A Beginner's Guide to Stock Terms

Bulls, bears, IPO’s, liquidity...when it comes to stocks, there’s a secret language that’s used to explain certain movements, purchases, and types of trading. Because the stock market is a game of information, knowing the stock market trading terms used by the experts is important to be successful. This guide covers the most common stock market terms for beginners, so that you can stop worrying and start investing today.

The Basics

These terms are used daily, so you’ll need to know these four to get started.

Share - a unit of ownership in a company (how much of a stock you own is represented by the number of shares that you have)

Buy - to buy shares in a company

Sell - to sell shares that you’ve purchased

Bid - what you’re willing to pay for the stock

Ask - what people who are selling stocks are looking to get for their share


Market Types

The type of market helps you to understand the general direction that stocks are heading in.

Bull Market - a market where stocks are expected to rise, usually in a good economy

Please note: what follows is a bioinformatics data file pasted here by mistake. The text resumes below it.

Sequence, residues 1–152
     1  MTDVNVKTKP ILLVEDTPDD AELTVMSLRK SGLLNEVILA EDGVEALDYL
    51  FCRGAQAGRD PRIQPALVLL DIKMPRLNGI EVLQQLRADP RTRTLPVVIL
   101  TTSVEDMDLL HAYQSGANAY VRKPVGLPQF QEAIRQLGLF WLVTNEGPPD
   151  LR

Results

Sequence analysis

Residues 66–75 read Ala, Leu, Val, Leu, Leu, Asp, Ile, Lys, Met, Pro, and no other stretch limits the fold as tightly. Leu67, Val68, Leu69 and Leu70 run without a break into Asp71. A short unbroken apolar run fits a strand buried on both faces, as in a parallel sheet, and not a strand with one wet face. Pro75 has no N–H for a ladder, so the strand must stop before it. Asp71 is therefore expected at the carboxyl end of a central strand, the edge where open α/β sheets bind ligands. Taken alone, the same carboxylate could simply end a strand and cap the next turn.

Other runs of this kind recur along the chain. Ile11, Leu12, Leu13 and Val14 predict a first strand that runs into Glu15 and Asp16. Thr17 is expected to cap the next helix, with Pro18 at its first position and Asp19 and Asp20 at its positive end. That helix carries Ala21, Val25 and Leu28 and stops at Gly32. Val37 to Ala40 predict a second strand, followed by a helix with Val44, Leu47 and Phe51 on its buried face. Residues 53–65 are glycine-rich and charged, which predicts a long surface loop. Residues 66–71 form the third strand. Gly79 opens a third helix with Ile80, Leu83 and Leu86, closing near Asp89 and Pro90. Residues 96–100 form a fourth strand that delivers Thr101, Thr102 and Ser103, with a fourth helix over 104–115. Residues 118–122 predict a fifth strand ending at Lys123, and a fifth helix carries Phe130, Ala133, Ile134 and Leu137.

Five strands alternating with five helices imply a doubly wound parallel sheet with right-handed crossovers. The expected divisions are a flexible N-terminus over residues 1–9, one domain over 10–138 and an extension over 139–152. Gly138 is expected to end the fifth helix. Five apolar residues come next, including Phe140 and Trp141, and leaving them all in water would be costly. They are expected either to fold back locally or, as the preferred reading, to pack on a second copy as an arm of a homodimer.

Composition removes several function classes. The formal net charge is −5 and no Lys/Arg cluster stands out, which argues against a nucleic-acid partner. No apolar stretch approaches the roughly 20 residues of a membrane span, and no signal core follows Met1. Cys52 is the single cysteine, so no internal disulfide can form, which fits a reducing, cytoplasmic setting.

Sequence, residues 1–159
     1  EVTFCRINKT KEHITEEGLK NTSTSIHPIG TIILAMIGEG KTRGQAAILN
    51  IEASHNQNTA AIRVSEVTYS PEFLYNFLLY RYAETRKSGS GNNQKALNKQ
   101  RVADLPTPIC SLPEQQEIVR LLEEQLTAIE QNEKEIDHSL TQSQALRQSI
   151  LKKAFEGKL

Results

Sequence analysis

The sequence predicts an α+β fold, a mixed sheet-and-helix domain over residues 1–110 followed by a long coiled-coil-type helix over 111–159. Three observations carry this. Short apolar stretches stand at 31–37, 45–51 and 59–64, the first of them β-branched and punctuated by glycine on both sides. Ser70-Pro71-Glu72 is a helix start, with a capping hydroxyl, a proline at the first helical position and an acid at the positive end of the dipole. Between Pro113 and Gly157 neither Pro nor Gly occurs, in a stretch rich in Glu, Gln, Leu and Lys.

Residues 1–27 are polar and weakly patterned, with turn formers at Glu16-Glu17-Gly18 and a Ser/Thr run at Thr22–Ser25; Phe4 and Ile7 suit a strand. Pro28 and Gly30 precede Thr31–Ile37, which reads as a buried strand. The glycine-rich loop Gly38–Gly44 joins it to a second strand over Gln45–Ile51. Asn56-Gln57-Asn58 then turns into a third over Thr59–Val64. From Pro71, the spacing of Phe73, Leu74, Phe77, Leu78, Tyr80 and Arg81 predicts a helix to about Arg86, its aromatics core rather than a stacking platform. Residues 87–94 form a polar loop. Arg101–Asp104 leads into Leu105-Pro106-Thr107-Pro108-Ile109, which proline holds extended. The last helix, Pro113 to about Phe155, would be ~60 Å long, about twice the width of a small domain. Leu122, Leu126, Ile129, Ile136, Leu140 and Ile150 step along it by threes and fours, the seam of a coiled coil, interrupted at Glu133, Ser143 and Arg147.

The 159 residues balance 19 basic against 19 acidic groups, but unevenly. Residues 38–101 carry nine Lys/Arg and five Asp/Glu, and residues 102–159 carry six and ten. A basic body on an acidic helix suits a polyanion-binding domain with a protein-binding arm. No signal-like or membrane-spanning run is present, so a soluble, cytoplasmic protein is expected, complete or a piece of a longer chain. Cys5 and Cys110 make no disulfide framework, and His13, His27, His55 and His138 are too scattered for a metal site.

Bear Market - a market where stocks are expected to fall, like a recession


Order Types

Knowing different order types can help you plan the best strategy for your stocks!

Day Order - order only good for the day it’s placed

Good Till Cancelled Order - the order stands until it is cancelled

Market Order - executes transaction at market price

Limit Order - order executes at or under a purchase price, or at or above sale price e.g. If I place a limit order to buy 1 share in Apple for $48, it won’t execute until Apple’s shares are $48 or lower. If I place a limit order to sell 1 share of Apple at $100, it won’t execute until the Apple share is worth $100 or higher. 


Other Terms You Need To Know

When you’re comfortable with the terms above, here’s more important stock lingo

Rally - a large increase in the general price level of the market or a specific stock

IPO - short for Initial Price Offering, when a private company becomes a publicly traded company that people can invest in

Liquidity - how easily can you get out of a stock (can you quickly convert it’s value to cash)

Volatility - how fast a stock moves up or down (in price)

Broker - a professional trader who buys and sells shares on behalf of clients

Portfolio - the investments owned by a person

These terms will have you navigating through stock news with ease, and leave you better prepared to invest in the long run. Learning these words will pay off, and hopefully put an extra zero in your bank account. 

Learn more about managing money in college.